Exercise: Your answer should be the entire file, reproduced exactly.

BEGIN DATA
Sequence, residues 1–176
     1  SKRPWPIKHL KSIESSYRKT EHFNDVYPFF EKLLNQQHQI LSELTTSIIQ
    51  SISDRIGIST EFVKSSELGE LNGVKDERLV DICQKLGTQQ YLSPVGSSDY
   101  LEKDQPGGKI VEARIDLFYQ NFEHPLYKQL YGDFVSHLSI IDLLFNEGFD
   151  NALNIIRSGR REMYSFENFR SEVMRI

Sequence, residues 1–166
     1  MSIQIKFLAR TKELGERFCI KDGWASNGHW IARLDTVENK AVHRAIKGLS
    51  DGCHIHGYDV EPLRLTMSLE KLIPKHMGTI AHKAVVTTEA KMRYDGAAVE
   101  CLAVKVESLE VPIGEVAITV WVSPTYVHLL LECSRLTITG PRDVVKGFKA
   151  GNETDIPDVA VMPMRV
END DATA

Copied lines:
Sequence, residues 1–176
     1  SKRPWPIKHL KSIESSYRKT EHFNDVYPFF EKLLNQQHQI LSELTTSIIQ
    51  SISDRIGIST EFVKSSELGE LNGVKDERLV DICQKLGTQQ YLSPVGSSDY
   101  LEKDQPGGKI VEARIDLFYQ NFEHPLYKQL YGDFVSHLSI IDLLFNEGFD
   151  NALNIIRSGR REMYSFENFR SEVMRI

Sequence, residues 1–166
     1  MSIQIKFLAR TKELGERFCI KDGWASNGHW IARLDTVENK AVHRAIKGLS
    51  DGCHIHGYDV EPLRLTMSLE KLIPKHMGTI AHKAVVTTEA KMRYDGAAVE
   101  CLAVKVESLE VPIGEVAITV WVSPTYVHLL LECSRLTITG PRDVVKGFKA
   151  GNETDIPDVA VMPMRV